Aussie slugger David Warner believes his time away from the international arena has benefited him both in body and mind.
Warner was found to have been the chief instigator in the now infamous Sandpapergate scandal of 2018, but made his return to International cricket at the World Cup following a 12-month ban.
The opener has been in fine form with the bat so far, compiling a tournament-leading 447 runs at an average of 89.40.
His knock of 166 (147) spearheaded Australia to victory over Bangladesh at Trent Bridge on Thursday, and Warner has attributed his revitalisation down to being able to enjoy some rare down time as an international cricketer.
“I feel a lot fresher. You don’t get a year off, you hardly get a couple of weeks off (in international cricket),” said Warner.
“I’ve worked hard on my own fitness and taken my mind away from the game, just the little things of being on time for buses, for aeroplanes, packing your bags, travelling a lot. Just those basic things there.
“You just let your mind be at ease. And to have time at home as well with my family was awesome and I really enjoyed that.
“(But) that was obviously a dark year for Australian cricket. And we’ve just got to keep winning for our country, doing the best we can, put our best foot forward.
“We just can’t be complacent and comfortable. We’ve got to keep moving forward playing our best cricket.”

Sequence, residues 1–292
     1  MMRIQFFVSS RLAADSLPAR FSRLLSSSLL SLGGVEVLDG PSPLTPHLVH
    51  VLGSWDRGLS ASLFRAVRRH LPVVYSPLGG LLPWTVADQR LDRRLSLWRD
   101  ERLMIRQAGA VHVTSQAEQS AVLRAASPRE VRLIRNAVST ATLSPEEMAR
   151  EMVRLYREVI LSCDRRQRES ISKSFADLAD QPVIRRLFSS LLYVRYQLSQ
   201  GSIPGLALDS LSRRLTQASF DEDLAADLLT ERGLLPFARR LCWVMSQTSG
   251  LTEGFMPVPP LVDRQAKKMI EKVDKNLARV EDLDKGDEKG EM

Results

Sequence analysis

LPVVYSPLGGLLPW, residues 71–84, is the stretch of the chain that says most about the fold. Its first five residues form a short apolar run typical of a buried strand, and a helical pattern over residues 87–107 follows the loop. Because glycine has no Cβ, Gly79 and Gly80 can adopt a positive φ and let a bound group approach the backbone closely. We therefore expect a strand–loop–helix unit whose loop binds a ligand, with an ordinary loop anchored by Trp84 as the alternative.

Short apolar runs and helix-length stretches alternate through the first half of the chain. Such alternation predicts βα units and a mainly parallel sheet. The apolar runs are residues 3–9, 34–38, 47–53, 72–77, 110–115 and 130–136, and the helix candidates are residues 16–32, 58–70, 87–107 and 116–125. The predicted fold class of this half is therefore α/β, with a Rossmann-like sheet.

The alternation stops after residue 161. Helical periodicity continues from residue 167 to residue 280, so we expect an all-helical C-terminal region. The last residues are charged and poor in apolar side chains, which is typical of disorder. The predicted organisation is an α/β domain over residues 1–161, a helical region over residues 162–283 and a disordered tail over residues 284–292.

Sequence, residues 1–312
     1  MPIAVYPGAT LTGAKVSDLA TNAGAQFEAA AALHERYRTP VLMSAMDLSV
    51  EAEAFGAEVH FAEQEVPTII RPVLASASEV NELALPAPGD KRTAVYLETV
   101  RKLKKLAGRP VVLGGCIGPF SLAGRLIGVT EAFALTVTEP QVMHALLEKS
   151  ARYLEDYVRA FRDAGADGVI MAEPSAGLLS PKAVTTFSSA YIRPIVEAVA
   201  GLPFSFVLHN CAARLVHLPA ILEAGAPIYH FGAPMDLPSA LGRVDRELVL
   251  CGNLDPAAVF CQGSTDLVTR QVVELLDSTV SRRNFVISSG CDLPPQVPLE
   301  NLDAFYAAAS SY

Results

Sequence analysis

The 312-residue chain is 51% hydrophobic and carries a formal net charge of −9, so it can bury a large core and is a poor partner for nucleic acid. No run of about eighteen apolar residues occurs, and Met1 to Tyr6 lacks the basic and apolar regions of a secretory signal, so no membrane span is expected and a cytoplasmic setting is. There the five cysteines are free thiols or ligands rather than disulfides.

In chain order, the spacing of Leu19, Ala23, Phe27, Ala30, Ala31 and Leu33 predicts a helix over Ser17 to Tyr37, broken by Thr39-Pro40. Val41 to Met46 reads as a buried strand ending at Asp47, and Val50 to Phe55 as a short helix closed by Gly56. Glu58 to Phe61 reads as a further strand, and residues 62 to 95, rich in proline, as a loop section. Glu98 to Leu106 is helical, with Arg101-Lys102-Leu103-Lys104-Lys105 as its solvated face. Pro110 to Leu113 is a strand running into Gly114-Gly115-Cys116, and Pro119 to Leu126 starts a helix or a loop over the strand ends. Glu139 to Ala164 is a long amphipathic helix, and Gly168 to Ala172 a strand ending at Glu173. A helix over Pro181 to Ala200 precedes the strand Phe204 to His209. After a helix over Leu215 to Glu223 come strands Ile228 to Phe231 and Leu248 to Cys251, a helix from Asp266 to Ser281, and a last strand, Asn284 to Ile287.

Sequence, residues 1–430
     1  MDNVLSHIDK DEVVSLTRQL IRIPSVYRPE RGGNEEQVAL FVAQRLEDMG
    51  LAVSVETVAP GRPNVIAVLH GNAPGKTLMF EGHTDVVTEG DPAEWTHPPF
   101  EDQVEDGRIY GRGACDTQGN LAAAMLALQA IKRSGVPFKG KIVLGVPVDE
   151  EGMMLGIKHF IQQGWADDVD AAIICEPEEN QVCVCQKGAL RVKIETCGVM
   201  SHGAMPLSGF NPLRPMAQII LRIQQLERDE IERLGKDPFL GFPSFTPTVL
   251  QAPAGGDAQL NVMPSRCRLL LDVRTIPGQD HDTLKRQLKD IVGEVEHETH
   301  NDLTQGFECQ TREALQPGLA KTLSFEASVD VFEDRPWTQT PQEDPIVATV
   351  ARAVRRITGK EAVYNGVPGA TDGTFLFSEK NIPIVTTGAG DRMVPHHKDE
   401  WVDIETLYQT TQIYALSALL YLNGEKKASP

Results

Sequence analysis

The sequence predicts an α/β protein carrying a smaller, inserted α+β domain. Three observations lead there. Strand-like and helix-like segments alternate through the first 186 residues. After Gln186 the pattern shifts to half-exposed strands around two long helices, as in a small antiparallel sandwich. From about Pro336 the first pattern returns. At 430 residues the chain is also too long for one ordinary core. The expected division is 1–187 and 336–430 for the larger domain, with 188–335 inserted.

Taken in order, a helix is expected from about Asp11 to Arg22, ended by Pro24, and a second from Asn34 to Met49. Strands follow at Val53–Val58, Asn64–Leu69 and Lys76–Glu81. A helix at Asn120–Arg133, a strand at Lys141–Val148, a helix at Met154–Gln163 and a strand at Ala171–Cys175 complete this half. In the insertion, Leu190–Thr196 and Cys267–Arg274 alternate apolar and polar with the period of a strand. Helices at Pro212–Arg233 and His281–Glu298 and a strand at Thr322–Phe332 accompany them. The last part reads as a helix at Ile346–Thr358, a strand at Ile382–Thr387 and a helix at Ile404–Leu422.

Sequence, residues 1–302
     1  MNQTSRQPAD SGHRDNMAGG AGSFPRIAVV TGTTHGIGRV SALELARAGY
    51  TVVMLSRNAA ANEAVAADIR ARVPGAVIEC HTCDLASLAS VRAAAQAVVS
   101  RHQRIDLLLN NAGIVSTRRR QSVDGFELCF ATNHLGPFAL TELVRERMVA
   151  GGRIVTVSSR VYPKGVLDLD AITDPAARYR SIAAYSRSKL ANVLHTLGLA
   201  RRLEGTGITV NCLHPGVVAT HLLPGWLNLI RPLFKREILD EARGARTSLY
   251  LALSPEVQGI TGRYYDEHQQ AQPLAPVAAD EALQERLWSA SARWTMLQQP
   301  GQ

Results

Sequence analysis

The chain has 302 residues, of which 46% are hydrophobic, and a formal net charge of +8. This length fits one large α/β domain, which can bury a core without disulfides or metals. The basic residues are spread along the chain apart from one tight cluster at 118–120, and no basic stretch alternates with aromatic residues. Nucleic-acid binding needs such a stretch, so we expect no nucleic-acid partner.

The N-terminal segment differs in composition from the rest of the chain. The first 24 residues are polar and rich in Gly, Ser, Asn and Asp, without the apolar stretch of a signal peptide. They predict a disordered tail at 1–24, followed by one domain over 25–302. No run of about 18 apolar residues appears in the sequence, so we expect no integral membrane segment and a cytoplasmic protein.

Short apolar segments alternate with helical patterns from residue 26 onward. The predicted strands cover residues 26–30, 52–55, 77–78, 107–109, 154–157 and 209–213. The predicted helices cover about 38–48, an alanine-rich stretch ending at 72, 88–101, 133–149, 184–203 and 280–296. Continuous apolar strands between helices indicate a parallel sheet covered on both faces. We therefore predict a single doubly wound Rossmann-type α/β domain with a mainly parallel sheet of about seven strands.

Questions remain about the overall depth of quality in the Australian line-up, but should Warner and opening partner Aaron Finch continue to amass the runs on an industrial scale, the World Cup may once again fall into green and gold hands.
Hales lost his place in last year’s World Cup-winning squad after news of a second failed test for recreational drugs.
The Warwickshire all-rounder is one on 18 bowlers to be selected for personalised practice.
The West Indies are due to arrive on these shores first this summer.
Broad took part in an individual training session at Trent Bridge.
Clare Connor suggested England are considering hosting a Women’s Tri-Series also involving India and South Africa.
The designated bowlers, whose identitites have not been confirmed, will have their temperatures checked.
The ECB had planned to introduce 40 professional contracts this summer across eight regional hubs.
County are waiting on a decision.
The Somerset bowler last month opened up about his mental health struggles and he discussed the topic further with Marcus Trescothick on Zoom.